September 2019

…is a sad commentary on the world we live in.  The idea we might do good for others and suffer as a result of helping them seems counter-intuitive, and yet it happens.  You only need to consider statistics for assaults on our  Emergency Services to know that.  Sometimes despite all our efforts to help our actions backfire on us, often spectacularly.  This is of course completely at odds with William Shakespeare’s ‘The Merchant of Venice’ in which we are told  “How far that little candle throws his beams!  So shines a good deed for a weary world.”


Personally I’m with the Bard on this.  I think the good deeds we perform are akin to ripples in a pond.  They radiate outwards, interacting with other ripples.  If we have enough of them then all we can see are ripples, radiating out and interacting together ad infinitum.  That’s the kind of world I want to live in.  One where we act in the best interests of all, rather than for personal gain or our own feel good factor.


In Hebrews we are told ‘Do not forget to show hospitality to strangers, for by so doing some have shown hospitality to angels without knowing it.’  If that is true then so is the converse.  I’m a firm believer we should treat others the way we expect to be treated, and I’d hate to treat an angel poorly, given they are God’s emissaries to the world.  Having worked in a bank…a long, long time ago…we used to get ‘Mystery Shoppers’ and woe betide us if our manager received a report citing poor service.  Perhaps the angels are God’s ‘Mystery Shoppers?’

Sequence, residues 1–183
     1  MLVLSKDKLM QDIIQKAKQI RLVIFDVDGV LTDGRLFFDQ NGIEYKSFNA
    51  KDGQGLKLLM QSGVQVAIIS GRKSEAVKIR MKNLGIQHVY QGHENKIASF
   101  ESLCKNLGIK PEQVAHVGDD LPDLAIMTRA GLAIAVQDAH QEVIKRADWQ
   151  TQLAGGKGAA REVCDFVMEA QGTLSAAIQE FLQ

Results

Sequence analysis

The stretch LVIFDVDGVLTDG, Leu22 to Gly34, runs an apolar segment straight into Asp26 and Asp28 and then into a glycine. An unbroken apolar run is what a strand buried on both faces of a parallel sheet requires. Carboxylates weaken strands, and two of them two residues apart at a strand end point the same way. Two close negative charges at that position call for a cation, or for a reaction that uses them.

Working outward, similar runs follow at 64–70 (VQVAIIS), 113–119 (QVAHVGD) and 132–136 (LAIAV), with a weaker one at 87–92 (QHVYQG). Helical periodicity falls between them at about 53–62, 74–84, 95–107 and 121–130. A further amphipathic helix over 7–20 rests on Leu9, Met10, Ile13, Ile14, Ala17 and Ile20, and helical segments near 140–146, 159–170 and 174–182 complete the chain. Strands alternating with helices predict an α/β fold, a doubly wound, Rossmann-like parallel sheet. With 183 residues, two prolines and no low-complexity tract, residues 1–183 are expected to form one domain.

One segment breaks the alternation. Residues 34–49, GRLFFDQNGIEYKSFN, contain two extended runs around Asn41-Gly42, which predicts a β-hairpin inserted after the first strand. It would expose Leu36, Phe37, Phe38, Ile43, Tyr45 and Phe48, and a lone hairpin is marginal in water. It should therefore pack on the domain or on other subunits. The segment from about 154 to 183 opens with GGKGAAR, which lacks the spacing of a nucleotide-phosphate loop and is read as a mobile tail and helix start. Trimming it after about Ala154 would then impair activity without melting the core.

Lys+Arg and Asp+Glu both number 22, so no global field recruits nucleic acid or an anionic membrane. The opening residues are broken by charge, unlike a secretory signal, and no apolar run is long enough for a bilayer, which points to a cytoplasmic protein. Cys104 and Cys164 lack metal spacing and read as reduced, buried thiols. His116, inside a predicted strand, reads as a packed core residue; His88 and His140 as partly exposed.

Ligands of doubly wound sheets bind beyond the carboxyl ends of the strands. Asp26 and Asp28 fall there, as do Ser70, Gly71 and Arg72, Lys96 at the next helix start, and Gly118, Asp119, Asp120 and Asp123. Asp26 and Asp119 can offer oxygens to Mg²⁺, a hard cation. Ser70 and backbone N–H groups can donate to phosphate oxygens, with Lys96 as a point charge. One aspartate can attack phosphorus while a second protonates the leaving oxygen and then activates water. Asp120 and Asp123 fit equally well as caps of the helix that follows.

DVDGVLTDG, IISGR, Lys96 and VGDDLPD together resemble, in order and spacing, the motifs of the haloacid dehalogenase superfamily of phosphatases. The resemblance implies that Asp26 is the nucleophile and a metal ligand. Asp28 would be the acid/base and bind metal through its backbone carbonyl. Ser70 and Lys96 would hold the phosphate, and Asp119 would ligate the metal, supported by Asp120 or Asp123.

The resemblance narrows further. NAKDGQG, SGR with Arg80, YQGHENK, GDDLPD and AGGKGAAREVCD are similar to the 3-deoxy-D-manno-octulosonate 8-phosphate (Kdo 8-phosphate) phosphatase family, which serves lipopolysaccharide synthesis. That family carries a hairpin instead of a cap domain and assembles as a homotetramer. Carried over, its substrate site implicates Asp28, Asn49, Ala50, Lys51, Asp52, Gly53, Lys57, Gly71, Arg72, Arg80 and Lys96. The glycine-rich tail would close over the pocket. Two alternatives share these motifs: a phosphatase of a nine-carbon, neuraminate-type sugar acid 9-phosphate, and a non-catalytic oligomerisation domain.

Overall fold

My wife Karen and I often visit a particular coffee shop.  We do so not necessarily because the coffee or food are great (which of course they are) but because the staff recognise us and treat us well.  Sadly, they even know our orders before we ask…although Karen did once change her order and complete chaos ensued.  But before they knew and recognised us, they still treated us as if we mattered.  As if our business was important to them.  That’s the kind of business I want to frequent, where everyone is important whether they are known or not.


The point to all this is that a successful life, church or community require the same level of attention that a successful business does.  If we receive poor service we are unlikely to return.  If we are treated poorly by those we meet, we probably won’t want to build upon such relationships.  To be successful requires us to treat those we encounter as important to us. That’s how Jesus treated those he met.  It didn’t matter if they were the great and the good from Jewish society, or tax collectors, or sinners, or gentiles and foreigners.  All were worthy of his attention, his grace and love.  That’s a philosophy I try to follow.


Jesus came to change the world.  Arguably the ripples of his good deeds are still going strong, still interacting and radiating outwards.  Jesus’ teachings were for the world, not a select few.  Like the coffee shop Karen and I frequent, Jesus welcomes all whether that be the first encounter or the hundredth.  With Jesus you can always be assured of a warm welcome.  I hope we can emulate that.


In an ever changing world I pray we can all remember to let our lights shine for those around us in this weary world…Rev Paul